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R package for Dynamic Factor Models with mixed frequencies and unbalanced panel 📉
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An R Package for Forecasting Models with Real-Time Data.

The nowcasting package contains useful tools for using dynamic factor models. In this version of the package we present three methods, based on the articles of Giannone et al. 2008 and Bańbura et al. 2011. Furthermore, the package offers auxiliary functions to treat variables, constuct vintages, visualize results, etc.

The package is in development. Reviews, comments and pull requests are welcome.






How to use the nowcasting package

Two examples of how the nowcasting package can be used are discussed below. In the first example we use the dataset from Giannone et al. (2008), which uses a time series panel for the US economy. In the second example we show how to make forecasts based on pseudo real time vintages using Brazilian data and how to use information criteria for determining the number of factors and shocks to use in the model.

nowcasting US GDP 1/2

The dataset used in Giannone et al. (2008) can be added to the environment with the following command.


USDGP is a list with two data frames:

  • USGDP$base: this is an unbalanced panel with the model´s variables;
  • USGDP$legend: this contains the legend with the relevant information for each variable in the USGDP$base dataframe.

In order to use the nowcast function we require stationary variables. This can be done by using Bpanel. This function creates a balanced panel using an unbalanced panel as input. The default option is to substitute missing observations and outliers using the outlier correction methodology from Giannone et al. (2008). The function includes most usual transformations to obtain stationary variables. For this particular example, the object USGDP$legend contains all the transformations used in Giannone et al. (2008). All the explanatory variables are monthly while the GDP observation is quarterly as captured by the frequency vector. Note however, that the data object is a monthly mts. It is usual to include quarterly variables as monthly time series where the two first months of each quarter appear as NA. In this example the quarterly value is repeated.

data <- Bpanel(base = USGDP$base,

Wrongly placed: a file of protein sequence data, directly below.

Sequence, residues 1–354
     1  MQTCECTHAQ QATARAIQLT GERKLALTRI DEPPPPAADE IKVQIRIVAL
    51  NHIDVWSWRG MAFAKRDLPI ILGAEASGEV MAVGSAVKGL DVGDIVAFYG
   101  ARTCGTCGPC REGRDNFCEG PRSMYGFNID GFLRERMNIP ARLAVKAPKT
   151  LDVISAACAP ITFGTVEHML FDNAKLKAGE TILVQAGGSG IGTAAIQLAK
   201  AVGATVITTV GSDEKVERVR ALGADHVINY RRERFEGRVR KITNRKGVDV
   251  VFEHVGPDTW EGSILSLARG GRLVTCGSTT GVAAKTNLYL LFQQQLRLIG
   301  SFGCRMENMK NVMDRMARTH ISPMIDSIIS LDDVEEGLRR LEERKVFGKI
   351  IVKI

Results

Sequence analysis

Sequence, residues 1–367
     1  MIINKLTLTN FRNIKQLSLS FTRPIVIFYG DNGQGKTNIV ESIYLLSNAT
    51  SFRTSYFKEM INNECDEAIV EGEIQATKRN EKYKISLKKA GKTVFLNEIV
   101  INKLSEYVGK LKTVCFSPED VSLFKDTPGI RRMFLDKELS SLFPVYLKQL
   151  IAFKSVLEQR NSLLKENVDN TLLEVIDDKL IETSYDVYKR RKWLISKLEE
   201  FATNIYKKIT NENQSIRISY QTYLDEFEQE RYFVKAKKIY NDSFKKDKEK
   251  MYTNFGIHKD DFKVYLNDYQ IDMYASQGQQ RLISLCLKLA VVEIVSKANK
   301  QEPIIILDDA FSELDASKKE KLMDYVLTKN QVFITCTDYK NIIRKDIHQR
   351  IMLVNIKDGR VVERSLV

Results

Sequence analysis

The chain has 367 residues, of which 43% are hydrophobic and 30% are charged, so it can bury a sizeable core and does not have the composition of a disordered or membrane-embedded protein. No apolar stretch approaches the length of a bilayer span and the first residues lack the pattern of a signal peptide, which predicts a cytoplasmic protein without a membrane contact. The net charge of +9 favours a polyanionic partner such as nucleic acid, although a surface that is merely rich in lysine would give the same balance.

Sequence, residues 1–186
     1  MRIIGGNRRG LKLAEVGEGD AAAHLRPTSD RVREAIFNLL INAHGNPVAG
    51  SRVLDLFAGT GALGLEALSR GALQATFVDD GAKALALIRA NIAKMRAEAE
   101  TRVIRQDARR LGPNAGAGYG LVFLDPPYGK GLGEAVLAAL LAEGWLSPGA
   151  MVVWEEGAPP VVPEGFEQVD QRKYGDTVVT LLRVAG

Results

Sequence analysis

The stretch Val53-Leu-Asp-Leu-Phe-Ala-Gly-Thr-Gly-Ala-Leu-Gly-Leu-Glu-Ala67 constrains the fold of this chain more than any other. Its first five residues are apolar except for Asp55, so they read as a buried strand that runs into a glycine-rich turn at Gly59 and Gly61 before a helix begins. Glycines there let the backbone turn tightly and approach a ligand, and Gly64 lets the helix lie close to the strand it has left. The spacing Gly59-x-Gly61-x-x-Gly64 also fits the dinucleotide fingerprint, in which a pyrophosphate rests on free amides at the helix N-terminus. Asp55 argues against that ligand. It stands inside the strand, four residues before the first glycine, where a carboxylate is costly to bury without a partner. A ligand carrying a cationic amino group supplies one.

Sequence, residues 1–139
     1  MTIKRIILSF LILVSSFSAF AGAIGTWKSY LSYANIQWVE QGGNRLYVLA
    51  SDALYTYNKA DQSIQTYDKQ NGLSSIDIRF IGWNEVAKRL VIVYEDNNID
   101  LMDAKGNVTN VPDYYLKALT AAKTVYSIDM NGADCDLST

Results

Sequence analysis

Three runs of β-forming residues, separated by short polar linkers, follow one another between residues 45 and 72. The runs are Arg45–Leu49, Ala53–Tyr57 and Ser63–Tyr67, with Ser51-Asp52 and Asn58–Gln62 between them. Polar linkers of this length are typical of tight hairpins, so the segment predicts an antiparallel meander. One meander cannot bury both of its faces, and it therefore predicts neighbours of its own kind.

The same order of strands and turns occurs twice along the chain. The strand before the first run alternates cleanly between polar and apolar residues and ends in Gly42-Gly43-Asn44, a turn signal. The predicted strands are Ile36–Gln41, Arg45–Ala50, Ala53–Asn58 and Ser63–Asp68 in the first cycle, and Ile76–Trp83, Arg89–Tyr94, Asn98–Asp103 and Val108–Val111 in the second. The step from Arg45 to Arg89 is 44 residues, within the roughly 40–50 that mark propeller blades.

trans = USGDP$legend$Transformation,
              aggregate = FALSE)
frequency <- c(rep(12, ncol(data) -1), 4)

Once these variables have been treated, the nowcast function can be used to estimate the model´s parameters according to the selected estimation method, the number r of dynamic factors, the lag order of the factors p and the number q of shocks to the factors. For this example we use the Two-Stage - With aggregation method that will aggregate monthly factors as in Mariano and Murasawa (2003). The arguments r, p and q were defined according to Giannone et al. (2008).

nowcastUSGDP <- nowcast(formula = RGDPGR ~ ., data = data, r = 2, p = 2, q = 2, 
                    method = '2s_agg', frequency = frequency)

The in sample evaluation from Giannone et al. (2008) could be reproduced by looking at the ACF of the residuals of the model specified above.

res <- ts(nowcastUSGDP$reg$residuals, start = start(data), frequency = 4)
acf(window(res, start = c(1985,1), end = c(2004,4)))

The results can be accessed from the object nowcastUSGDP.

# y forecasts

# the regression between y and its factors can be accessed using `$reg`.

# the results related to the estimation of factors 
tail(nowcastUSGDP$factors$dynamic_factors) # factors
head(nowcastUSGDP$factors$Lambda) # Lambda matrix
nowcastUSGDP$factors$A # A matrix
nowcastUSGDP$factors$BB # BB': u's variance covariance matrix (factor equation)
diag(nowcastUSGDP$factors$Psi) # Psi: epsilon's variance covariance matrix (x equation)

# the forecasts of the explanatory variables are in `$xfcst`.